“I was always told that the Centurion was a Roman named Longinus,” I said.
“You were told wrong. The centurion was a Norseman named Vidfarna. Maybe they called him Longinus in the army. I know not. And the proof of my story –ˮ he paused for a lick – “is the Nail.”
“The nail…” I said.
“A nail from the crucifixion?” I gaped.
I stood up from the bench. “This has gone far enough,” I said. “I know I’m a mere foreigner, an Irishman among the Norse and a butt for jokes, but I wasn’t born after breakfast today. I’ll give you this, though – you tell a good tale.” I’d been looking for the chance to take a walk anyway – I needed to drain off my bladder.
Baard stood with me and tugged the sleeve of my robe, getting grease on it. “I’ve had priests tell me the same thing before. But I can show you.”
“You have it with you?”
“It’s over in the church.”
I looked at him. “You’re serious,” I said.
“Before God I am.”
“Well, I need to piss. After that, I shall see this relic you claim to possess.”
We passed out through the great hall of Augvaldness. It was of a size with Erling’s own back at Sola, as befit a house where kings like Haakon the Good and Olaf Trygvesson had once dwelt, back when Norway had a king of its own. The long-fires along the floor and the fish oil lamps hanging from the carven pillars shed a warm yellow glow among the many shadows where a great company of well-fed men in bright clothing drank and feasted. Above, the peat smoke of the fires made the rafters hazy, up where a goodly number of hams hung, smoking. Around the walls were tapestries venerable and faded with age, along with weapons and shields nabbed from foes long dead. Erling had claimed Augvaldsness as his own, and no man had standing to gainsay him on the point. He kept Baard in office as steward, because he liked him, and feasts such as this, now and then, made up part of the taxes he was owed.
We went out through the entry room into the cool night, the Norwegian light night with the sun low but still up. And yet we were blind, thanks to heavy fog. Baard carried an oil lamp on three thin chains. I used the privy in the standing-up manner, and then Baard led me to the church. It was built of wood, with a steep roof from which projected a smaller roof above, like a house atop a house. He pushed open the heavy timber door. I blessed myself with holy water from the font.
The oil lamp cast crooked shadows over the walls of the church. Baard led me forward to the altar. He picked up a silver box that rested there. I’d never noticed it before, though I’d celebrated mass here more than once. The monstrance on the altar contained a relic of St. Clement, and I’d never noticed another relic there.
“I’ll hold the light. You open the box,” Baard said.
I took the thing. It was about the length of my hand, covered over in beaten silver plates. The lid was the sliding kind. Corrosion had made the grooves sticky, but I got it open at last.
Inside, nestled in a cushion of faded red silk, was a rusted sliver of iron, about the size of my longest finger.
“It looks like it could be a nail,” I said. “Has any bishop pronounced on it?”
“Bishop Sigurd said it was a true relic,” said Baard. “He could hardly help it, after touching it.”
“Touch it and see.”
I didn’t much like the sound of that, but I would not be thought a coward. I put out a cautious finger to touch the sliver.
Have you ever been terrified? Or have you ever been in a fight, terrified or not? Remember how the whole world narrowed to a small space, like looking through a hollow log? That was how the world seemed to me at that moment, only the log was very long, and what I saw seemed very far away. Yet all was clear, clean-edged and bright.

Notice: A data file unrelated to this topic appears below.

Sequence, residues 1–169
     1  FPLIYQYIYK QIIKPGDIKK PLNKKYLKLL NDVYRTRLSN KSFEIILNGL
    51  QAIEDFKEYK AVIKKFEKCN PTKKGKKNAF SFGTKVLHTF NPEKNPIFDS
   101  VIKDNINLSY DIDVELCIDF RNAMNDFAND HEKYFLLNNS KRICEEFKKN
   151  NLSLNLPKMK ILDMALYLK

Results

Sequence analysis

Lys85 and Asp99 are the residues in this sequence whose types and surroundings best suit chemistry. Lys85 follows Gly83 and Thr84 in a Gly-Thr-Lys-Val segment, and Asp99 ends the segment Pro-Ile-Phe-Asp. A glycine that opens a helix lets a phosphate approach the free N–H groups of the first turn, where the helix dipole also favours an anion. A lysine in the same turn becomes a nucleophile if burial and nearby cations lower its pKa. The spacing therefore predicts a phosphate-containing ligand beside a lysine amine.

I saw a man sitting on a throne, with a golden crown on his head. His hair and beard were a reddish brown. His eyes were a bright blue, his cheeks ruddy.
In his right hand he held a great Dane war axe. In the other, a king’s orb with a gold cross at the top.
Under one of his feet I saw a small, living dragon, about the size of a newborn lamb. The king was treading it down so that it might not move, but it thrashed and bit at his leg. It bit with men’s teeth, for its head was the head of a man. That head looked very much like the king’s own.
The king looked at me and spoke.
“I come,” he said to me. “Behold, I come quickly. I come to break the world — to break old laws, and old ways, and old friendships and brotherhoods.
“Truth itself will seem a lie, and no man will know what is right. Not even I.
“I bring death and life, ancient ways and ways that are to come. I bring a maelstrom, and the world upended. I bring to you a parting of ways, both forks leading to evil. I do not fear evil, for I am a man reborn, a man whose day of death is settled, and so am untouched by the fears of lesser men. I will put you to the test, Ailill of Ireland. Prepare your soul. Cleanse your heart of earthly desires. For glory or infamy are set in your way.”
Then the little world I beheld drew down to a tiny point, and winked out like a star. I woke to find myself reeling and lightheaded.
“Satisfied?” asked Baard.
I sat down, irreverently, against the altar. “I thought wonders had ceased in my life,” I said. “It’s been years since I saw a wonder, and to speak truth I was well content with that.”
“What did you see?”
“I saw a man. A king. He spoke prophecy. None of it was good. Nor was it bad. He told me I would face a test, but gave me no clue what sort of test it might be.”
“It’s the way of visions,” said Baard. “As keeper of the relic, I’ve watched many men have them here. I’ve seen some visions of my own. And I’ve come away none the wiser. I think visions are no good for helping us make choices, but only for rubbing our faces in our foolishness, after we’ve gone amiss and the evil foretold has come to pass.”